Normally, when you use a professional Digital Audio Workstation such as Logic Pro X, you have the ability to see how loud your music is through its audio metering facility. This enables you to make sure that your music isn’t clipping, which means it’s so loud, it’s digitally distorting. However, as of Logic Pro x 10.1 metering isn’t currently accessible.
But wait, the folks over at Queen Mary University London have produced an accessible peak meter that works beautifully with Logic Pro X and VoiceOver which enables us blind Logic users to hear whether our audio is clipping. This is a fantastic interim solution and this post will show you how to get going with it.
Sounds great, where do I get it?
You can read all about the accessible peak meter
on their website and, if you want to here it in action, they’ve done a neat video on that site or you can watch it below.
The plugin is absolutely free and you can download the version you need for Logic right here. Have you got it? OK, let’s get started.
There’s no Installer, where do I put the file?
To install the plugin:
- go to your downloads folder, then into the
AccessiblePeakMeter_MacAU folder and find the file called
- press command+c to copy the file
- press command+shift+g to bring up the Go To Folder dialog box
- press the slash key then type the word library and then press enter.
You’re now in your library folder which is hidden by default in Yosemite.
- type AU to get to the audio folder and go in there
- press p to land on the plugins folder and go in there.
- press c to land on the components folder and go in there.
- drop the file here with Command+v.
You’re now all set and the accessible peak meter is installed, so start Logic Pro X and, open an existing project if you’ve got one to hand or create a new empty project if you haven’t with 1 audio track in it.
If you went for the empty project option, record something onto your audio track so that you’ve got some material to work with or plug a mic into your audio interface.
How do I add the accessible peak meter to a track?
If you’ve been using Logic for a while, you’ll know that there are a couple of ways to add a plugin to a track. You can either use the inspector or you can do it through the mixer. It’s not always immediately apparent when the inspector is open to us VoiceOver users, so I prefer to use the mixer.
There are 2 ways of invoking the mixer in Logic, but I prefer to work with the mixer in its own window, so press command+2 to open a mixer window now.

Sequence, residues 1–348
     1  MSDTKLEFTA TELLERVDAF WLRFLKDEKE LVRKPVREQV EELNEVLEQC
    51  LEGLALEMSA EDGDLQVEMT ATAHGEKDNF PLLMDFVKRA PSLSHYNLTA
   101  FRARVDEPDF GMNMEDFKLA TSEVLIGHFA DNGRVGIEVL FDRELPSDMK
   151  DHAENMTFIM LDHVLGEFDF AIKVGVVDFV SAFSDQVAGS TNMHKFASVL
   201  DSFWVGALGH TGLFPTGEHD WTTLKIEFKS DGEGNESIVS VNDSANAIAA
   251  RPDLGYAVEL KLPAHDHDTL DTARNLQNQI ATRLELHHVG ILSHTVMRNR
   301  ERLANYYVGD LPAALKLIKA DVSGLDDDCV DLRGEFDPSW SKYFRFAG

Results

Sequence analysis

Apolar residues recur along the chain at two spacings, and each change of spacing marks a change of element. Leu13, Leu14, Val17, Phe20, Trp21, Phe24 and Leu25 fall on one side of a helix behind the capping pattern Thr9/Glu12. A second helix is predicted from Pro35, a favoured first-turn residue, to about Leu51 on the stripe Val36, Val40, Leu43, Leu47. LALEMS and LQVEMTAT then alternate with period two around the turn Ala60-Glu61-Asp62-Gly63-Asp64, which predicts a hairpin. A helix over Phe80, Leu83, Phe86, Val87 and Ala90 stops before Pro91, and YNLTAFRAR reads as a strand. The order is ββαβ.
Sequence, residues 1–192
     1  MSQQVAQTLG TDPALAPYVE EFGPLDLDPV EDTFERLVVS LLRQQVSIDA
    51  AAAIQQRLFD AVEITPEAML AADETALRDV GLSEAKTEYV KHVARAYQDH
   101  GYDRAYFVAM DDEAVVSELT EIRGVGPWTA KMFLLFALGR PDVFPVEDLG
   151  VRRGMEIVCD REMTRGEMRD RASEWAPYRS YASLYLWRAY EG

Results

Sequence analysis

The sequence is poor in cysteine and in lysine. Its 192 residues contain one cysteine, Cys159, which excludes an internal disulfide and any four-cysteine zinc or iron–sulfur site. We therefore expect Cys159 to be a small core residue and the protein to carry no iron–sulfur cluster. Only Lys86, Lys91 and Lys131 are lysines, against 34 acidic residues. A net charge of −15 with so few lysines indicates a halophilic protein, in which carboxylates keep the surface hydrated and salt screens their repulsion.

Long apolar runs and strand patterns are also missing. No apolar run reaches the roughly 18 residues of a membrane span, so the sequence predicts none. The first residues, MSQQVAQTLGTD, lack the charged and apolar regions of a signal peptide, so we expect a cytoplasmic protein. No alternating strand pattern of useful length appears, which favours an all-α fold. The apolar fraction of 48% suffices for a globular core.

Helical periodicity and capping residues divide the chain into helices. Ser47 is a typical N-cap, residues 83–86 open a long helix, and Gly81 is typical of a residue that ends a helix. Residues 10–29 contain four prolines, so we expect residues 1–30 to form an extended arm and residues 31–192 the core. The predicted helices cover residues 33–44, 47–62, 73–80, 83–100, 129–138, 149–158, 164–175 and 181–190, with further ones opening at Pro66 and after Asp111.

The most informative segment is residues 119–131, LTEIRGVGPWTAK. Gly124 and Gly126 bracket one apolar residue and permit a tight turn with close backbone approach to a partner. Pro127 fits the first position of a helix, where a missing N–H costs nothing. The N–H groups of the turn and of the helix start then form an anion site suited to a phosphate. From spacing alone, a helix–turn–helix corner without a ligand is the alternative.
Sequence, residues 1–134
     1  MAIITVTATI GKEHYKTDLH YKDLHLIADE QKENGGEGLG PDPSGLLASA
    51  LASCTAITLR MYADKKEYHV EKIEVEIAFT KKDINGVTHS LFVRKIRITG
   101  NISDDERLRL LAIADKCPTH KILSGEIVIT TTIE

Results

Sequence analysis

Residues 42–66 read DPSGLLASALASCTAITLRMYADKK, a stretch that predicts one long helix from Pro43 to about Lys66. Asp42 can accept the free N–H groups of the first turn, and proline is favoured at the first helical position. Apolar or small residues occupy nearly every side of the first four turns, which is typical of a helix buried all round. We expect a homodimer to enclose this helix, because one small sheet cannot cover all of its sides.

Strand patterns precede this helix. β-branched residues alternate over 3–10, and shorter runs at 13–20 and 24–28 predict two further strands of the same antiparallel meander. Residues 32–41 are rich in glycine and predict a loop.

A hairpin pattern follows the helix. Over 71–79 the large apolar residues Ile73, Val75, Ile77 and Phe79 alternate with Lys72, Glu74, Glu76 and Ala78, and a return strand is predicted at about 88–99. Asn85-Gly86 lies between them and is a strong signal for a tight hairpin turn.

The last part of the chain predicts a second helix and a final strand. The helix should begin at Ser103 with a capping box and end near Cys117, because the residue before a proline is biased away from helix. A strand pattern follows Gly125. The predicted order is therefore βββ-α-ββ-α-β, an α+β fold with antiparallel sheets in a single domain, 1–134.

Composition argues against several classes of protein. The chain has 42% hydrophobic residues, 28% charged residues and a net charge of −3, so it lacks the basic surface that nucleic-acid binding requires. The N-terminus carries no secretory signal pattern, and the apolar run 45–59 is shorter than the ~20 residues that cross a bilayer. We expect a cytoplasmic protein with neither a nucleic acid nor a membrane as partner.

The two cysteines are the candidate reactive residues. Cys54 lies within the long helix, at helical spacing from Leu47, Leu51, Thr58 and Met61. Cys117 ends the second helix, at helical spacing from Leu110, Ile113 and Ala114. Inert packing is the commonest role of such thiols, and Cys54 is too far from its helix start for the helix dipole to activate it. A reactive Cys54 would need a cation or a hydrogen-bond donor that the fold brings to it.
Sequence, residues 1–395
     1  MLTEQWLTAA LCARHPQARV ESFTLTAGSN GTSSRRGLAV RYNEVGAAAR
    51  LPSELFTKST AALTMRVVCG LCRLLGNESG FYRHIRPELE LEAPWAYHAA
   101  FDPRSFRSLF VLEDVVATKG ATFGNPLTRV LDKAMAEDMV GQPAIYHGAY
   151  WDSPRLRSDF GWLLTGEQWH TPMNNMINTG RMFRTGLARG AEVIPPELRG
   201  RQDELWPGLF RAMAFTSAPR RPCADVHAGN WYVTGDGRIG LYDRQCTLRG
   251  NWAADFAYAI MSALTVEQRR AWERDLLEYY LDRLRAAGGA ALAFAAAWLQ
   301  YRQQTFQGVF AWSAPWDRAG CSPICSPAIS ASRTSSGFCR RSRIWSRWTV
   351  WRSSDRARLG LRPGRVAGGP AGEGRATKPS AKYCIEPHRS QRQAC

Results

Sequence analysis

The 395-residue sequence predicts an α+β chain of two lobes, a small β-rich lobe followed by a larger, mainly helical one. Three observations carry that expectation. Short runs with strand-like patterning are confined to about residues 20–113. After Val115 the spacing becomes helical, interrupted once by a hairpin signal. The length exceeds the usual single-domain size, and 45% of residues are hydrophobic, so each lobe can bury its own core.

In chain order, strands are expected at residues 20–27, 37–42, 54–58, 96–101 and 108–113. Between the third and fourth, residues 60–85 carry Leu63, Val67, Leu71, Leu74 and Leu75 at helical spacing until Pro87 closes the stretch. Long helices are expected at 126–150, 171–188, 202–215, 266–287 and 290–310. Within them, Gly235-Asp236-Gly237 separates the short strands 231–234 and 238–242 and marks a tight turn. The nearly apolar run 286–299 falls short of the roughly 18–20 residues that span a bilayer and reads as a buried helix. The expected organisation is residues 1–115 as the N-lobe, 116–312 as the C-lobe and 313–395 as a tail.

In this example, we’re going to put the peak meter across our output channel so bring up the item chooser with VO+i and type the word out. You’ll land on the output checkbox, so down arrow once to the output channel strip and press enter.
Now, interact with the output channel strip and you’ll hear VoiceOver say Insert Group so interact with that.
You’re now on the insert popup menu and here is where you can add the plugin. Open the menu with VO+space and come down to the audio units option, then, right arrow to open the audio units submenu.
come down to the Queen Mary University of London option and press right arrow. You’ll land on the accessible Peak meter so press enter here to add the plugin to the output channel. The Accessible peak meter will now open in its own window.
We’ve put it across the output channel so that we can hear if any of the tracks in our project are clipping.
Now, play your project or speak through your mic. If you’re hearing beeps along with your audio, then you’re too loud. You’ll need to find the loudest track at those peaks and turn it down.
The trick to getting access to the plugin controls
If you VO around the plugin window, you’ll find that you don’t see any of the plugin parameters. This is because Logic Pro X has 2 ways of showing plugins. The default way is the graphical editor view and the other is the controls view. Fortunately for us blind logic users, for most of the plugs in Logic, the Controls view is beautifully accessible with VoiceOver.
To switch to the controls view
- VO to the right as far as you can in the window and then come left one time. You’re now on the View menu button.
- Press the button with VO+Space to open the menu, come down to controls and press enter to switch to controls view.
- VO to the right until you land on a scroll area then interact with it.
You’ll now be able to change the various parameters in the plugin, the most important of which is the threshold. This is currently set to 0db, the loudest volume possible before distortion occurs, but, in practise, when mixing, you’ll want to set it lower than that.
VO down to Threshold come to the right and interact with the slider and set this really low just so that you can test the plugin. use VO down arrow to set it to say minus 20, then play your project again. You should be hearing the meter in action now as demoed in the video.
You’ll now need to raise the threshold to an appropriate level and then close the plugin window with command+w. You can also close the mixer window in the same way.
My audio is not clipping but how loud should it be?
If you’re new to audio recording, you might not have come across the concept of headroom. This is basically how close to clipping you should allow your audio to get.
Everyone has a different opinion on this but a ballpark recommendation is that you should keep your main output channel peaking at somewhere between minus 6 and minus 10db. This will allow your mix to breathe and you can always get a louder volume once the mix is complete with limiting etc, and now that we have the accessible peak meter, we can do this like the pros!